From pv magazine 12/2020
The current model of development in solar PV often has an inherent focus on quality over a two-year time horizon. In this model, a developer or short-term owner develops the project and seeks to sell at Provisional Acceptance (PAC) or Final Acceptance (FAC). In the current seller’s market, long-term performance and costs make little difference to the sale price. The project is built by an engineering, procurement, and construction (EPC) supplier, which is focused on meeting a two-year PR figure and under pressure to deliver at the lowest possible cost. In this model, the commercial drivers on both developer and EPC are largely driven by quality over a two-year time horizon. This may, in turn, explain why Everoze sees problems emerge during reviews and transactions of operational projects. And there is no judgment in this – EPCs and developers do a wonderful job – it is just that the game they are playing often “ends” two years after construction.
Due to quantitative easing, super low interest rates and solar as a stable asset class, there is white hot competition for projects in construction and operation. Everoze has seen this firsthand, supporting transactions with multiple bidders, very low prices, and short time scales that challenge effective due diligence. For investors seeking to procure operational projects, this means (1) that their success rate in winning projects is low, making it difficult to meet fund targets, and (2) that returns are being hit in the battle to secure projects. As a result, leading investors are moving upstream, seeking to procure projects in the development phase (pre-construction). Examples of this are Octopus buying a 175 MW development portfolio in Spain, Encavis’ partnership with Solar Century, and many funds buying into developers. This may not seem that important, but it marks a significant change from the current model.
In this emerging model, long-term owners have much greater influence over the design and construction of projects. This means owners can now focus on designing for long-term value, optimized procurement approaches, and better supervision of construction. Let’s review each in turn.
In the current model, the owner takes over a project at PAC or FAC, usually with significant debate over performance and the punch list. However, at this stage, the project has already been constructed, and so any issues identified are expensive and difficult to change, with design errors often the root cause.
In the emerging model, the owner is involved pre-construction. This means they can now shape the design of the project, at the stage where there is the most influence on project outcomes. We expect this to result in a drive for longer-life projects (30 to 40 years), a greater focus on through-life performance, and, particularly in subsidy-free markets, a focus on flexibility to access alternative revenue streams. Long-term value and returns now become a core part of the design process, with owners increasing their input through prescriptive design or more detailed design reviews.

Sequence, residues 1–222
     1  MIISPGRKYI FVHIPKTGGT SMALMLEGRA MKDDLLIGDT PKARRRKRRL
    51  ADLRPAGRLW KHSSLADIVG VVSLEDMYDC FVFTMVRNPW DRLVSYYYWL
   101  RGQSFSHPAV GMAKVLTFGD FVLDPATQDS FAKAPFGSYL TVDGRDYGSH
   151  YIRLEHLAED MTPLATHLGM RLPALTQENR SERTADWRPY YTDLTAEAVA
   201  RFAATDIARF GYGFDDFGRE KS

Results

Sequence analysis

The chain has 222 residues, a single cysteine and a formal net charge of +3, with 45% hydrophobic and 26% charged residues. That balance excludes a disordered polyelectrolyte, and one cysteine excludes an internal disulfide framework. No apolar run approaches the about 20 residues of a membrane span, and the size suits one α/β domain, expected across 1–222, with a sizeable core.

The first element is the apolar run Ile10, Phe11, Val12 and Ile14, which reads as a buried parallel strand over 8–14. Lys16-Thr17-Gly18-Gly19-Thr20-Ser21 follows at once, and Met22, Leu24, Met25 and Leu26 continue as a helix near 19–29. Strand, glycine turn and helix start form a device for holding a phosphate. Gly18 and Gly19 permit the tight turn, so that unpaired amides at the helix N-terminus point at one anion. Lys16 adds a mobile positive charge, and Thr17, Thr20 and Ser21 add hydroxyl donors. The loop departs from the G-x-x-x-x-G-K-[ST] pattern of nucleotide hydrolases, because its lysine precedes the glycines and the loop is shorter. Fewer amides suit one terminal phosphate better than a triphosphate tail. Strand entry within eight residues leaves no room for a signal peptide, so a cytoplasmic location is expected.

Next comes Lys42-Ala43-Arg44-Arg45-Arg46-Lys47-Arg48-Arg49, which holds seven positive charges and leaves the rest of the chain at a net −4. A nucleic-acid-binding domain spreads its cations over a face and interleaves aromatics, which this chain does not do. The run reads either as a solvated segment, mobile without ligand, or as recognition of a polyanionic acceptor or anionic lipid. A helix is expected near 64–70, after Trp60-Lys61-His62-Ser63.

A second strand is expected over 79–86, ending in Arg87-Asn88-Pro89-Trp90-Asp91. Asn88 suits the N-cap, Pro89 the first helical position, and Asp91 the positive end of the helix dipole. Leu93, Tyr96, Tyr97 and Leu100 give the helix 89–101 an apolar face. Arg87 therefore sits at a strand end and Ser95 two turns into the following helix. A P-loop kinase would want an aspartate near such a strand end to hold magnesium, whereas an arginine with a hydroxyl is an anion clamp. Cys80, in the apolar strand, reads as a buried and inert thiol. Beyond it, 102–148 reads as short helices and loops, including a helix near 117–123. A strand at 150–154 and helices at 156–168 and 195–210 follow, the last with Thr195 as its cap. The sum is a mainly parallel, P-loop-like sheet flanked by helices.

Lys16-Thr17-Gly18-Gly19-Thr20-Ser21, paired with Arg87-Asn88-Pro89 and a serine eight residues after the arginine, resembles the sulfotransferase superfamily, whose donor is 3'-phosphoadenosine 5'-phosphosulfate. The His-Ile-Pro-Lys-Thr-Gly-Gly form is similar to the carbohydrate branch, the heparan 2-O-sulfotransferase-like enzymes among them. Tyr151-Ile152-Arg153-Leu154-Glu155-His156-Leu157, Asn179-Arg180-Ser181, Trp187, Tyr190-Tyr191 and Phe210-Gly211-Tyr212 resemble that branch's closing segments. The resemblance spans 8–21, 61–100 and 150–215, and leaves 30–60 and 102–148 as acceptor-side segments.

Longer-term owners can now shape and decide which procurement approach is best for achieving long-term value, with a mix of approaches likely to be seen. For those owners procuring an EPC, then opportunities exist to select the EPC and to specify their own specific Employer’s Requirements (rather than depending on a generic technical specification developed by a developer or EPC). For those owners interested in more control, then multi-contract is an option, with significant freedom to specify preferred components.
A medium-sized utility solar PV project can include millions of parts being put together in an outdoor environment and in time scales that normal construction industries (and other renewable technology projects) would find breathtaking. In the current model, this is managed by an EPC and developer with short-term horizons. The long-term owner then tries to identify any issues through a one-day site visit, all while seeking to win rights to buy the solar PV project in a highly competitive situation.
In the emerging model, the long-term owner can now choose the level of their own site supervision so that they can identify and mitigate any issues before they have been repeated across a site, and can ensure that build quality meets the owner’s requirements. We expect long-term owners will scale up their own construction supervision with a flexible approach between full-time attendance at large projects and periodic inspections at smaller projects.
In summary, long-term owners buying pre-construction will disrupt the current model, which has increasingly focused on quality over the short term. The new model offers opportunities for owners to design for long-term value, optimize procurement approaches and better supervise construction. In turn, this can lead to significant improvements in long term performance. All of which represents another important step along the path for solar PV as it becomes a high-quality, long-term, cost-competitive infrastructure asset.
About the author
Olivier Crepon is the managing director of Skyray, a new subsidiary of Everoze that provides design and engineering services for large-scale solar arrays, as well as new-build solar+storage. He has 20 years of experience at engineering service companies in the energy and environment sectors. For more details on Skyray, visit www.skyrayengineering.com.
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